to show off licks and feel the need to be
really good.
Who have you studied with?
My freshman year I studied with Gary
Smulyan, which was so fun. He is the
nicest, most supportive teacher, as well
as just an overall cool guy. His approach
to music is so diff erent than any other
teacher I’ve had, so it was a great way to
open my eyes to new ideas of playing and
listening when fi rst arriving in the area.
He just throws you in the fi re and says,
“Look, you are doing it!” while you’re
thinking “Th is is the worst stuff I’ve ever
heard.” It was stressful but strengthbuilding.
I’m currently studying sax with Rich
Perry, who is in the Village Vanguard
Band. He is almost a twin of Jay Th omas
in terms of personality and vibe. It is - Eearshot


Professionally Recorded Demo (Independent Label: William Paterson Recording Studio, Wayne, NJ, February 13, 2007)


Feeling a bit camera shy


Flux is a quartet that brings together four very unique and diverse musicians to create a unified and pure sound. As all of the members come from different musical and biographical backgrounds, the music prevails with deep emotions and directions unattainable by most straight-ahead genre music today. Flux aims to create a new sound of jazz, and music in general. The heightened interaction and spontaneous creativity of this quartet gives listeners a look into the future of the music.

Originally from the diverse scene of Seattle, Roxy Coss is currently a Presidential Scholar at William Paterson University, located in the greater New York area. Since moving there in 2004, she has appeared frequently at various jazz clubs and restaurants throughout the area, becoming an in-demand instrumentalist amongst her peers. In New York, she has performed at Sweet Rhythm, the 5C Cafe, Lincoln Center, the C-Note, and appeared live on the Today Show. She has also played internationally at the North Sea, Vienne, Montreux, and IAJE jazz festivals, as well as in Paris. She has appeared live with such legends as Clark Terry, Wynton Marsalis, Joshua Redman, Slide Hampton, Joe Lovano, Bill Watrous, and Dave Valentin. Roxy has also been writing her own music since she was young, aiming to create her own voice in omposition as well as performing. Several of her compositions have been recorded professionally over the years. While Roxy’s main influences on the saxophone include Dexter Gordon, Hank Mobley, and John Coltrane, she has also been influenced and played such diverse music as Stevie Wonder, Top 40, Classic Blues, Brazilian Music, Classical Music including Bach and Altes, and other diverse genres, all influencing her unique, deep sound. “My goal is to establish a new musical genre, breaking boundaries and preconceptions of present day music. I want to make music you can feel in your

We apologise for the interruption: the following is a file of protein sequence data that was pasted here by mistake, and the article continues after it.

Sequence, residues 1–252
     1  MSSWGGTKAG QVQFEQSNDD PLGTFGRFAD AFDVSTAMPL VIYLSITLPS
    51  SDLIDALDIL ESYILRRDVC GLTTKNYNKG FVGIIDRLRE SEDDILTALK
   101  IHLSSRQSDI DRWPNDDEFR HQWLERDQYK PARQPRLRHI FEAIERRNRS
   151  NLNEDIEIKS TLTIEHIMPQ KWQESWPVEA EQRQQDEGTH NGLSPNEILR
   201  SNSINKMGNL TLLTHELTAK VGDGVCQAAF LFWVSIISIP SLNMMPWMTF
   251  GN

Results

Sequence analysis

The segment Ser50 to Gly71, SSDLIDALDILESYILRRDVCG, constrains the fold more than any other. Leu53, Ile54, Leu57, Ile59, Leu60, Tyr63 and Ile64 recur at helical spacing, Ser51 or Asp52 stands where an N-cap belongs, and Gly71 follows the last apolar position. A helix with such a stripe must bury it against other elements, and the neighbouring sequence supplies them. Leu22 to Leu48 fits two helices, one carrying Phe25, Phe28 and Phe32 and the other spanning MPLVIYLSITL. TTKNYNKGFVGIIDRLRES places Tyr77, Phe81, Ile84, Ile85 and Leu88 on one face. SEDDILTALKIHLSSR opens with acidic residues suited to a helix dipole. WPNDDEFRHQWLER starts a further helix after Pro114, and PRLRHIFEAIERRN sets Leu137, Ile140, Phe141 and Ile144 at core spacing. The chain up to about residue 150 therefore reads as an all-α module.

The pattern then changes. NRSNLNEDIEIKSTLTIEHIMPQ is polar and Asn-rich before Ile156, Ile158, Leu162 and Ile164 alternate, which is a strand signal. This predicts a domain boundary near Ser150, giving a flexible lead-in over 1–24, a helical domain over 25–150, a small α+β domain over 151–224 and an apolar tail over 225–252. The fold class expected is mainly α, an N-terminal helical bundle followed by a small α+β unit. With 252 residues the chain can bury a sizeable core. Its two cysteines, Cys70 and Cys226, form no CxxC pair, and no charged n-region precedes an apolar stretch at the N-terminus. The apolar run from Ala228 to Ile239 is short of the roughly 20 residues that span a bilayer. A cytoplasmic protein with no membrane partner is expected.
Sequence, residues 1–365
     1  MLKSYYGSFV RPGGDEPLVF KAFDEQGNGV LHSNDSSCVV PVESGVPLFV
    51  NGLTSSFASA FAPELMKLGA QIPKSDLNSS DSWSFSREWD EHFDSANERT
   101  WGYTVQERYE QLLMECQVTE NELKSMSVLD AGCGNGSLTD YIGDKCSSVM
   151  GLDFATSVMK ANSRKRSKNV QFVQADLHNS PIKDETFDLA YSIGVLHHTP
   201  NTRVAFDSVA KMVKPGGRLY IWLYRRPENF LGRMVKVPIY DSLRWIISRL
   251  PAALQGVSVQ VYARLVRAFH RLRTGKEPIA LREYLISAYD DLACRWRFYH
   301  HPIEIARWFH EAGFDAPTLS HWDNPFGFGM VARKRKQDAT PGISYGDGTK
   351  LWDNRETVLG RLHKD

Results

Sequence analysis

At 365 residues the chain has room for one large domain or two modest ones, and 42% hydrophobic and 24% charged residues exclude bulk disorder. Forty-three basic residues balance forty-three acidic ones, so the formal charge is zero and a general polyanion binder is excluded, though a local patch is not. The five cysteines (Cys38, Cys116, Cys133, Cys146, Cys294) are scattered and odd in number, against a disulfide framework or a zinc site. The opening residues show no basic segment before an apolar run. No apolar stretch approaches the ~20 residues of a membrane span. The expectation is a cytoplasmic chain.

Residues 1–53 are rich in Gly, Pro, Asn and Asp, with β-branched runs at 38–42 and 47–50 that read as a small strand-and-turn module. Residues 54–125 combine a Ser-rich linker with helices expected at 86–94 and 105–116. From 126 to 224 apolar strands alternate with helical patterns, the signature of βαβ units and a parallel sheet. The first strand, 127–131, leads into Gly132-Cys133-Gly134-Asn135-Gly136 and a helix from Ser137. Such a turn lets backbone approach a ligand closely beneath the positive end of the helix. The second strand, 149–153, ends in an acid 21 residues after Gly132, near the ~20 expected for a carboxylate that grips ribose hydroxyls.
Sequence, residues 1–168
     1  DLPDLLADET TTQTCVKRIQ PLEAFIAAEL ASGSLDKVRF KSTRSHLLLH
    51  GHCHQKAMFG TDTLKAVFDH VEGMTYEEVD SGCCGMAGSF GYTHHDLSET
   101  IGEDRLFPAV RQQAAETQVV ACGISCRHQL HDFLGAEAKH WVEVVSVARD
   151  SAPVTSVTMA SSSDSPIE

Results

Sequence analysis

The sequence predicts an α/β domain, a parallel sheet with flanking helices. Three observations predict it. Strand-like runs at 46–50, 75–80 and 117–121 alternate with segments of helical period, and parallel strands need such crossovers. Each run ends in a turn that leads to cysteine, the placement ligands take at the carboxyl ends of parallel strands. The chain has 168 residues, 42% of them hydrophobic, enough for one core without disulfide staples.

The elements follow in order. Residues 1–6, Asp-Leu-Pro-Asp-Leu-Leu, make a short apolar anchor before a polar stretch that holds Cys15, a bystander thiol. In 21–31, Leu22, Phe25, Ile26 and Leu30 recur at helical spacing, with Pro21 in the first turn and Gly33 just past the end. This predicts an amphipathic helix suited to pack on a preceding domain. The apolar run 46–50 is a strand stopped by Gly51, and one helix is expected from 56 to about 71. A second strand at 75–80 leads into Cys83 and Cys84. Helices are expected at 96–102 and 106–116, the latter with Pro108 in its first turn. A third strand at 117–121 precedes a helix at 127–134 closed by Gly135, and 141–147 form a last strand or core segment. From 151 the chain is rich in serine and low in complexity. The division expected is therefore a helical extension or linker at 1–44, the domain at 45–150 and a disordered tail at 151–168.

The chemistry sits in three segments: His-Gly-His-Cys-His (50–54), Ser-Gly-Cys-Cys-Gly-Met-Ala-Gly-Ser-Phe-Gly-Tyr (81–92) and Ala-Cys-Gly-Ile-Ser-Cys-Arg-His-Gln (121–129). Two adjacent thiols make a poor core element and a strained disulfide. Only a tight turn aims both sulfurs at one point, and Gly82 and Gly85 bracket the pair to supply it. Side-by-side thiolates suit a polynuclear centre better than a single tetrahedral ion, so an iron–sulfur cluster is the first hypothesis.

bones, full of honest passion, awareness, humor, spirituality, growth, pain, joy, and love.”

Drummer Shawn Baltazor grew up in the very diverse and active music scene of the San Francisco Bay Area, CA. Originally influenced by Rock and Roll, Shawn began taking an interest in improvised music during his last years of high school. Shawn is an alumnus of William Paterson University, as well as the highly competitive Staens Institute for Young Artists. He has performed at the Knitting Factory, the Bitter End, Birdland, Jazz at Lincoln Center's Dizzy's Club Coca-Cola, and Sweet Rhythm in New York, as well is in Jazz Festivals in Morocco and the Ivory Coast in Africa.

Justin Kauflin has an improvisation zeal matched by technique that is equal parts lyrical and emotional. Although classically trained, Justin prefers the improvisational opportunity jazz provides, which is readily apparent in his mastery of the piano. From Virginia Beach, Justin is also at William Paterson, where he has performed with Mulgrew Miller, Clark Terry, and Wynton Marsalis. Justin draws his influences fro all forms of music, hoping to bring a true and pure musical experience to the world.

Kellen Harrison is also from the Bay Area, CA. An alumnus of William Paterson as well, he has played in New York at CBGB's, the Lion's Den, the Knitting Factory, Cecil's Shanghai Jazz, the Pourhouse, and Kavehaz. He has also appeared at leading venues on the west coast, including Pearl's in San Francisco.